As a teenager, recurring nightmares aren’t the kind of thing you talk about to your friends for fear of being ridiculed. Nor are they a matter you bring up with your peers when trying to make your way in the world as a young adult. Even after I married Maddie, I was reluctant to disclose why I sometimes woke up in the middle of the night screaming. She probably wouldn’t have thought that seeing an old man in a big black coat and hat in a dream was much for a grown man to get in a stew about. And of course, she was probably right. She had once said, ‘You know what, Myles. Sometimes I think you are afraid of your own shadow’, and this had stuck with me. I always tried to play down the trauma that the dreams caused me.
When it comes to dreams, though, while the content can be surreal and deeply unsettling, it is often not the content but the timbre of the dream narrative that is really terrifying. An unspoken background commentary can dictate how the dream feels. It can insist that there is an underlying air of menace, something sinister and threatening about what is going to happen. You are now tuned into your repository of deepest secret fears. All rationality is out the window. You are at the mercy of the demons lurking in the depths of your unconscious. All manner of ghouls and monsters seemed to inhabit my netherworld.
Dreams, however, are dreams and I never came to any physical harm in any of these episodes. The spectre, it seemed, merely wanted to make me aware of something and while I got the palpable impression that his message was of great importance, to my frustration, I could never understand what the message was. It always came out as amplified babble. Once or twice, I nearly caught the drift of what he was saying, but as soon as this happened, he would vanish again and I would be left once with after images without this clarity. Nonetheless, night-times were harrowing. Although my ghostly visitor didn’t appear every night, he turned up frequently enough to make me frightened of what each night might bring. Even Dr Nice’s powerful sedatives were not enough to protect me from the possibility of a visit.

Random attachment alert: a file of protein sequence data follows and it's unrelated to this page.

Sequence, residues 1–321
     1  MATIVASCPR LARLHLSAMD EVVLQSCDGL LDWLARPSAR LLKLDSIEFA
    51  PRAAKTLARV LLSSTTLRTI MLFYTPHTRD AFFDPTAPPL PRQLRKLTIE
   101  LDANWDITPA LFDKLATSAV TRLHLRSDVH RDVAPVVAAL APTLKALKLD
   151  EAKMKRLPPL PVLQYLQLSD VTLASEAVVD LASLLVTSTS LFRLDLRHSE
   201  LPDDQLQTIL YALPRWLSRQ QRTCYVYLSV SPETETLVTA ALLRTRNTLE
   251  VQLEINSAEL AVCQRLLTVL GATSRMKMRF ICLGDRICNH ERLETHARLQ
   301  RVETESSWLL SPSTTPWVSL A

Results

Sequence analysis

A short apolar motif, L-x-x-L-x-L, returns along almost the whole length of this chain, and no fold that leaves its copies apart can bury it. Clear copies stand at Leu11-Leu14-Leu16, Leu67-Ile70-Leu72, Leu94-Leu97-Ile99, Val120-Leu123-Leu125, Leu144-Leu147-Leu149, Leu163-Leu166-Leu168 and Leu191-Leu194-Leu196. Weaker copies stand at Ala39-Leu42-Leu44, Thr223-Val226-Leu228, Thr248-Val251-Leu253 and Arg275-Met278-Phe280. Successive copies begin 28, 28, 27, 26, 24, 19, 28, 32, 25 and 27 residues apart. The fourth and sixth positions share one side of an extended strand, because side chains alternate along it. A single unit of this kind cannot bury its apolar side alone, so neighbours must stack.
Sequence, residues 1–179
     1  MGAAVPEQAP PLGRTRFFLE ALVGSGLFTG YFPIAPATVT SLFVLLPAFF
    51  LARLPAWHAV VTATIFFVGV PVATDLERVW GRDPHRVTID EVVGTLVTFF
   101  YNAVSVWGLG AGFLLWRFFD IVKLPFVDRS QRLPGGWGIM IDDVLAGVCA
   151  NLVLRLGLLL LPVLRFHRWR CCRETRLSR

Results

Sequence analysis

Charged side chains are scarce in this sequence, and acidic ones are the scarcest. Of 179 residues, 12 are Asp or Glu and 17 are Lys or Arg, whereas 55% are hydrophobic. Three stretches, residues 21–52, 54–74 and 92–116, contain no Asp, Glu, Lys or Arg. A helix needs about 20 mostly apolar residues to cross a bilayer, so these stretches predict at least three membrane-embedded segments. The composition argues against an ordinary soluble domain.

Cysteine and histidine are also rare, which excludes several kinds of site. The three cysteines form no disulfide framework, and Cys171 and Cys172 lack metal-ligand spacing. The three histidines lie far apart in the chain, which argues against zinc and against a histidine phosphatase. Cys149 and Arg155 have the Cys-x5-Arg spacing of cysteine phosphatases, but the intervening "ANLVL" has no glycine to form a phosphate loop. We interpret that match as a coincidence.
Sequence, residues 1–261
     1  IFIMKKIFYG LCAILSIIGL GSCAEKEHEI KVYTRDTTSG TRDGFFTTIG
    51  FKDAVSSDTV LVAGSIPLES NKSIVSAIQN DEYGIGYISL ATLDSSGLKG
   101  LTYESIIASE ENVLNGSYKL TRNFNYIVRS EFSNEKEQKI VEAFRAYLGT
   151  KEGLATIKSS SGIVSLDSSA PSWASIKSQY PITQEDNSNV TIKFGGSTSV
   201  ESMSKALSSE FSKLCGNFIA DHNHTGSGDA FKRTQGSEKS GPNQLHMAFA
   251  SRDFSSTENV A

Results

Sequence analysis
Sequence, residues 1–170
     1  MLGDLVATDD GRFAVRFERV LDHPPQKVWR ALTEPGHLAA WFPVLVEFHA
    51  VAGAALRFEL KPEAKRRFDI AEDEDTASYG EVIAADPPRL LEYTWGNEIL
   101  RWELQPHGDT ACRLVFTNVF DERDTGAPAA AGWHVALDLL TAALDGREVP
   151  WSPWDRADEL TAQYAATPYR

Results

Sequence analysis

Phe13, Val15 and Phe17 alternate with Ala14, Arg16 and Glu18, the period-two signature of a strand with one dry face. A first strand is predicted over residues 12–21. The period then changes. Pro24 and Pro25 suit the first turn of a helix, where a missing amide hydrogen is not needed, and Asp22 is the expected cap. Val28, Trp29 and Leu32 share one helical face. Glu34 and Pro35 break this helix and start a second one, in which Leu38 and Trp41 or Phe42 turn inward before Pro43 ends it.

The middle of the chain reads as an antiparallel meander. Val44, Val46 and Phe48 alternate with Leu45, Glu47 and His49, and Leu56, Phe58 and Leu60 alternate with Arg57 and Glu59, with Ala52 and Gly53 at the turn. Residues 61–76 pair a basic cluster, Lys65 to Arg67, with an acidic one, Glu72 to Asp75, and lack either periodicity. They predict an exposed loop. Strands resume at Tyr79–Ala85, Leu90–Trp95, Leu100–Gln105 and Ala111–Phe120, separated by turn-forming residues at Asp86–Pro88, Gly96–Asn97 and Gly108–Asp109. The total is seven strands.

Then, one day it happened. There he was. Not as a surrealistic Neptune rising out of the sea. Not as a despotic archetype running amok in a nightmare. But there, in the flesh, sitting calmly beside me on a park bench. Maddie had gone into town shopping and I had been walking the dog in Providence Park and sat down to rest for a minute or two. Maximilian was a ten mile a day dog. I had put on a few pounds since I put away my running shoes. The skiing accident in Switzerland too had added to my mobility problems. I was no longer a ten mile a day dog walker. Suddenly, he was next to me, having materialised from out of nowhere. But after the initial shock of finding him within a whisker of my personal space, his aspect seemed to be no longer threatening. The familiar coat, hat, thick grey beard, the swarthy features and the roadmap of lines crisscrossing his face had now taken on a friendly air. My companion could easily have been a fellow dog walker taking a breather to exchange dog behaviour anecdotes.